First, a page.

January will likely be the month with the fewest days on the water in a long time. This whole "becoming responsible and getting a real job" thing is really hard on the fishing time. Don't get me wrong, I really enjoy what I'm doing but not fishing is tough. Next month should be better though as most weekends will allow an opportunity to fish and I also have a few days off one week early in the month. Today was the first time I got out on the water, at least to fish, since January 3. Those of you that read this blog or know me at all realize that this is a long time without a fishing trip.

In many ways, my fishing trip today was one of the best in awhile. The small things that I often overlook really made the day. Each rainbow trout that graced the end of my line for a few moments fought hard, putting a nice bend in the 3 weight rod I was fishing. Watching the line form nice tight loops was a lot more enjoyable than I normally give it credit for and reminded me how the artistic aspect of the sport is really what got me into fly fishing in the first place.

When the short trip of around 30 minutes was complete, I had caught 4 little rainbows. All fish hammered a #16 black Simi Seal leech with a beadhead that I fished very slowly stripped in the current of the stream. The water was icy cold and my hands felt like they were being pricked by needles every time I dipped them in prior to handling a fish.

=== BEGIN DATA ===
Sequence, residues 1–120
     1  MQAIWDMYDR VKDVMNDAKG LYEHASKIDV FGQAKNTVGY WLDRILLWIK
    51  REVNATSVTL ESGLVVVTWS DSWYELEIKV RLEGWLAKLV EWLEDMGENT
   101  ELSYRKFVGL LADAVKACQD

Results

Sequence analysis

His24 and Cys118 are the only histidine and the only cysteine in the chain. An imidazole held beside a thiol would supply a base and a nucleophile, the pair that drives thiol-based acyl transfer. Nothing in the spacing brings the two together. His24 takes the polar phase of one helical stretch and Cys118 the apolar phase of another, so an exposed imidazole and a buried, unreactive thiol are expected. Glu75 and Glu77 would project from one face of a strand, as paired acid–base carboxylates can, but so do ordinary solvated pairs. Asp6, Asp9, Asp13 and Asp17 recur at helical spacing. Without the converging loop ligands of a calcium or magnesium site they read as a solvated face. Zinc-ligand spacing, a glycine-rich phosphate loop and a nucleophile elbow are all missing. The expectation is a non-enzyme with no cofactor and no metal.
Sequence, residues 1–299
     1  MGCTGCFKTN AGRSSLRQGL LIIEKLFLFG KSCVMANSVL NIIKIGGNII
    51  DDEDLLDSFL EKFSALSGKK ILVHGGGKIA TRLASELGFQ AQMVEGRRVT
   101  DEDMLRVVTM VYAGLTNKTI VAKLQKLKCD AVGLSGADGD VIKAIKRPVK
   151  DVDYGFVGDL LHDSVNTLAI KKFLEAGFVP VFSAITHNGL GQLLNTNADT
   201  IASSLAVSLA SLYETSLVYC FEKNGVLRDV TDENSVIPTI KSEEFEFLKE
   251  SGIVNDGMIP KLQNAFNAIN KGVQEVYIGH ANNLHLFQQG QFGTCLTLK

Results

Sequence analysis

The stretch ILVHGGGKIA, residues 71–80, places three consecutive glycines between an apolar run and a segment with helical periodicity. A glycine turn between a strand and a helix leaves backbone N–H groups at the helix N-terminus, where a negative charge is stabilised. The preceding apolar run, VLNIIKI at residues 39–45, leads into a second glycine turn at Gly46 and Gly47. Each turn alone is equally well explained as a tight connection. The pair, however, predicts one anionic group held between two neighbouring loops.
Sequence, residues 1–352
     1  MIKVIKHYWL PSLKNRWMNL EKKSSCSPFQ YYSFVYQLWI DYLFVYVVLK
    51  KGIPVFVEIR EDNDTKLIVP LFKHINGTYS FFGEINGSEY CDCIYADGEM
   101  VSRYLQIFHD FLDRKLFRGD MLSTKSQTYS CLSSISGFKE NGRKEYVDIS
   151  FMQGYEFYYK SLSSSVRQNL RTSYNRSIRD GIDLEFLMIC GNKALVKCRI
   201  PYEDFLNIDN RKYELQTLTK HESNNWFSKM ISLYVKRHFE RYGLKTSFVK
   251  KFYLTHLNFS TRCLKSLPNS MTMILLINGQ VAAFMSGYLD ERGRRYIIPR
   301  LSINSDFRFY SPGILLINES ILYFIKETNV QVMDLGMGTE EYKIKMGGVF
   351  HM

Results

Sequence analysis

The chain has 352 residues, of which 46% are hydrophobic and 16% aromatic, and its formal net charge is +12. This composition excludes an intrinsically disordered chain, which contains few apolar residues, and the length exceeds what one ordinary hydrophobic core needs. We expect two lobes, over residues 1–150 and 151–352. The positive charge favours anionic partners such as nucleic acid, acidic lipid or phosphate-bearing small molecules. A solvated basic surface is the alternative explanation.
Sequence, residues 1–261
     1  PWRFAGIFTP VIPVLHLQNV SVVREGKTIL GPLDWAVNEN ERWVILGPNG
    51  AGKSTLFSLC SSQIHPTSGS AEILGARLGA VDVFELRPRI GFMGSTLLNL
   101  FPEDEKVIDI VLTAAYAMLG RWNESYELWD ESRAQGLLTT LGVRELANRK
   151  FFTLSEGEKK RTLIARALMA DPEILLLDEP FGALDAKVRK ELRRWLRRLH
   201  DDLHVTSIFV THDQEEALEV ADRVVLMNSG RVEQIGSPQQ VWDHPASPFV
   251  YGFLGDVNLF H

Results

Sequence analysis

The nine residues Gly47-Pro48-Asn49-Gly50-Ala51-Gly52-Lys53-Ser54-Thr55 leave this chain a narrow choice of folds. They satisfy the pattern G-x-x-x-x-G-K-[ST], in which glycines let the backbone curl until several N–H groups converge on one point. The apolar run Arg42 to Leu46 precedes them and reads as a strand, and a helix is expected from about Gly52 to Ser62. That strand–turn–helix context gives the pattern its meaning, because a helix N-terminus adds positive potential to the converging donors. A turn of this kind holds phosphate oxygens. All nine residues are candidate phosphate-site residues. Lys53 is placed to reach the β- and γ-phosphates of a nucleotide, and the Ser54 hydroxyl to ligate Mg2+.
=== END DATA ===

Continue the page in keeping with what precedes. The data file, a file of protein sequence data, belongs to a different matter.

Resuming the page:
I goofed around a little and got some ridiculous "hero" shots with the small fish including the classic but rather cheesy "rod in mouth" picture. Overall it was a fun trip. By next weekend the Caney might be fishable and if so, I'll be there seeing how the fish have handled all the high water lately.

Also, later this week, I may have to head to Chattanooga one day and if so, I might check out my old haunts along the Tennessee river. Shad should be coming through Chickamauga and Watts Bar dams creating a feeding frenzy for the resident fish below. As always, stay tuned for more as it develops...

Friday, January 23, 2009

2008 Was a Good Year

Our most recent poll has closed and most people voted that 2008 was a good or great year. A few of you apparently not so lucky readers didn't have a particularly good year but overall the results were positive. One of my favorite responses to that poll came from my buddy Trey who said it was his best year because he learned to fly fish in 2008. Now that's a great year in anybodies book if you ask me.

To me, 2008 was great for several reasons. First, I expanded my horizons and explored some more. I caught several new species on the fly rod and chased the mythical lake run fish on the south side of the Smokies, finally finding a few good fish. One of the major highlights of the year was the opportunity to work at Little River Outfitters which was a dream come true. Talking with customers and helping them have a great time while visiting the Smokies was a lot of fun. It was always gratifying when someone would stop back by to say thank you for the information that led to some nice fish.